Friday, October 31, 2008

The Lion, The Ditch, and The Dirt Road

The mystery deepens.
While having a conversation with his sister this summer overlooking her lake, my husband caught movement out of the corner of his eye. His sister caught it too and they focused their attention to the sight that was unfolding some 300 feet away. The neighboring farm's three Golden Retrievers were chasing a fast moving animal out of the lake retaining ditch and across the fields towards our dirt road. They were losing the chase by a landslide. They watched it for some seconds before the animal disappeared into the trees. My husband mentioned the incident when he arrived home a few minutes later and I questioned him about what he saw. The animal was as large as a deer on shorter legs. It was tawny in color. I wasn't alarmed as of yet. I had seen pretty large coyotes out here plenty of times. It had at least a three foot long tail. Bushy is what I assumed he would say. No, he said it was more cat tail like but thicker. The brain does odd things at moments like these and mine was searching every major animal I could think would be naturally present in Ohio. But my subconscious already had the answer because my hairs on my neck were standing up. Mountain lion. But how? A few hours later after an exhaustive search on the Internet for disproving my theory I phoned a man in Pennsylvania who is a mountain lion expert. I explained what both my husband and his sister saw, and also mentioned an article I had found that seemed to collaborate their story. A large cat had been seen quite near to our property along the woods at Fort Ancient. A person had been driving along the quiet road when a huge cat leaped and cleared the road in front of them. My expert politely listened to my story and then unhesitatingly said no lion had ever been positively recorded in my area thus making it virtually impossible. He explained that surely a car accident or hunter would have proved their existence here in southwest Ohio. I felt a little relieved, but not much. While the thought of big cats on our property is exciting, I was just beginning to realize how nice it was to let our children roam a little freer than had been possible in Florida where there were so many natural hazards. Sharks, alligators, poisonous snakes, panthers, bobcats, and bears had been a constant worry in the wilds of Florida- and we had seen them all. A quick survey of surrounding neighbors confirmed my feeling that maybe my lion expert was incorrect. The neighbors to our back had seen a large mountain lion drinking from their lake. They had a clear and close view. Troubling was that their sightings had been going on for nearly three years. People had thought they were seeing things. I remembered a tale my husband had told me about him and his sisters walking down a wooded road as kids while dusk was approaching. They stopped dead in their tracks as they had heard what sounded like a combination of a loud animal roar and a woman shrieking. They ran as fast as they could back home. When he had first told me the story I had shrugged it off as wild kid imaginations. The tales were now getting more difficult to shrug off. Last week my Labrador Vishla was barking like mad from his fenced yard at something off in the distance. I went to window just in time to see something bounding off towards the huge natural reserve that adjoins our land. I had a bad view directly to the back end of the animal. It was amazingly fast, low to the ground, with a huge spread. There was something about the tail as it was too long for a dog. My denial was receding as the animal disappeared into the trees.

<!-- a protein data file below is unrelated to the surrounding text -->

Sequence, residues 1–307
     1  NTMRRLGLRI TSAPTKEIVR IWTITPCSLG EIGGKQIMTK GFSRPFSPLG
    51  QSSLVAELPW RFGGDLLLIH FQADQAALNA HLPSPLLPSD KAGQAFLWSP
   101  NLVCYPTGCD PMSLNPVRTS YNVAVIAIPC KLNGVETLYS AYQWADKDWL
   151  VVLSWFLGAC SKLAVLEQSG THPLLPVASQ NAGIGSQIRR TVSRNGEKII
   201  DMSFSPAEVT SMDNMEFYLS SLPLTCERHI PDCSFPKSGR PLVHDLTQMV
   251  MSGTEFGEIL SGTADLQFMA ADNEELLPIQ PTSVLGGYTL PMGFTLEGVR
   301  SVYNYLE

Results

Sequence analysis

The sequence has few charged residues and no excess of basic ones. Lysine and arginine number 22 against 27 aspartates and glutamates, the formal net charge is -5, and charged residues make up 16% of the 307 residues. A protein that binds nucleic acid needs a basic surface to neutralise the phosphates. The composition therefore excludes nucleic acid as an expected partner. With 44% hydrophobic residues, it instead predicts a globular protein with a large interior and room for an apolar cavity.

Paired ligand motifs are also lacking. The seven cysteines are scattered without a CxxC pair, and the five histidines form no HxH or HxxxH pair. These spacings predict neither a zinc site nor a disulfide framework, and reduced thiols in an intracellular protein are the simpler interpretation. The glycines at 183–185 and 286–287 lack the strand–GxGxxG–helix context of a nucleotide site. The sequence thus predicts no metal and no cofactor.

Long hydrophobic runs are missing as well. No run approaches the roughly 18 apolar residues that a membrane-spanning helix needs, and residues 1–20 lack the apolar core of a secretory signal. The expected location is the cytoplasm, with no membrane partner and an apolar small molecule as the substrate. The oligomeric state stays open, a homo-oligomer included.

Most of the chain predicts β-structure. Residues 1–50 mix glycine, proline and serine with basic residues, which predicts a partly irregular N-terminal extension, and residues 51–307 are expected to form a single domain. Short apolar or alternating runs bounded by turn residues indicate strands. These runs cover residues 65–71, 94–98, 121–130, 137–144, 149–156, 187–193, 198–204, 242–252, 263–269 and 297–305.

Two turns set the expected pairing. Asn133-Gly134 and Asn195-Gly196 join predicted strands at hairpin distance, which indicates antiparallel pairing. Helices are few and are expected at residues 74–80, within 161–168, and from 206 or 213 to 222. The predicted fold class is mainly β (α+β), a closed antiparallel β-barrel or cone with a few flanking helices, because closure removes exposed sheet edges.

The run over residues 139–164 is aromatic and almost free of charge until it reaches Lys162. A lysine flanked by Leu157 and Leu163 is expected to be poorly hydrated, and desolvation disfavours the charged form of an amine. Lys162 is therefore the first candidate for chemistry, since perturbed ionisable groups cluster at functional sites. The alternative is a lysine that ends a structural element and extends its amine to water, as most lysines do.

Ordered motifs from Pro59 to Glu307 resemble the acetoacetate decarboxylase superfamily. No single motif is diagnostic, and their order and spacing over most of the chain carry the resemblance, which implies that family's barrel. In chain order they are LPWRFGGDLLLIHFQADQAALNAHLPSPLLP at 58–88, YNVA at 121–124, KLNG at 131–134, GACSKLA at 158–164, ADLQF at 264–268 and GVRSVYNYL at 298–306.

Thursday, October 30, 2008

Winter Residents at Hawk's Run

Last winter when walking past a window I wondered why there were red leaves left on the branches from fall.

Taking a second glance, I realized that these were no leaves. They were cardinals, perhaps a hundred of them when I counted the less visible females. I had never seen anything like it before in my life. There were as many cardinals on the ground near the feeder as there were perched up in the branches of the tree. I wondered if this was a fleeting image, and why I had never noticed them before. Days passed, and the cardinals remained. I felt a surge of happiness, and a little pride too, that our property was defeating the sad bird count reports that were coming in from all over the country. For months now I had been reading with alarm that backyards birds were dwindling in numbers all over America. I come from a family of bird lovers, on both sides. My husband's paternal grandfather and both my maternal grandfather and mother passed a love of birdwatching to both of us. My husband and I set up birdfeeders along with bird supporting vegetation all over the eleven acre property known as Hawk's Run. Almost any time of day or night, bird sound fills the air. From the smallest of hummingbirds to the largest of owls, feathered friends are always within sight. We have purposely left many areas wild on the margins of our land to help keep wildlife corridors open and useful to all kinds of animals that roam the land and sky. Feathers, nests, and eggshells become lessons of the day for three year old Wren, and notes are made in the Lifetime Bird Journal. Along the back of our saltbox hangs four different colored simple feeders that mark each year as we pass our time on this wonderful land. The closeness of these colored feeders allow us to see birds up close that we would never be able to approach in the wild. Twice a day, Canadian geese are seen and heard coming from one of the numerous lakes that dot the landscape of neighboring acreage. Many of these lakes were dug by Grandpa Ray, and it's difficult to look upon their beauty and not say a profound thank you for his foresight. Hawk's Run is defying the downturn in backyard bird numbers, and this gives us courage to plow forward with a plan for the land to remain as natural as possible. I hope to see the red "leaves" on the trees this winter, and each winter after. Hopefully, someday, long after we are gone, there will be enough colored feeders down the back of the house that each cardinal will have it's own perch.

Wednesday, October 29, 2008

Remembering Tasha Tudor

Tasha Tudor would have been ninety three years young on August 28th of this year.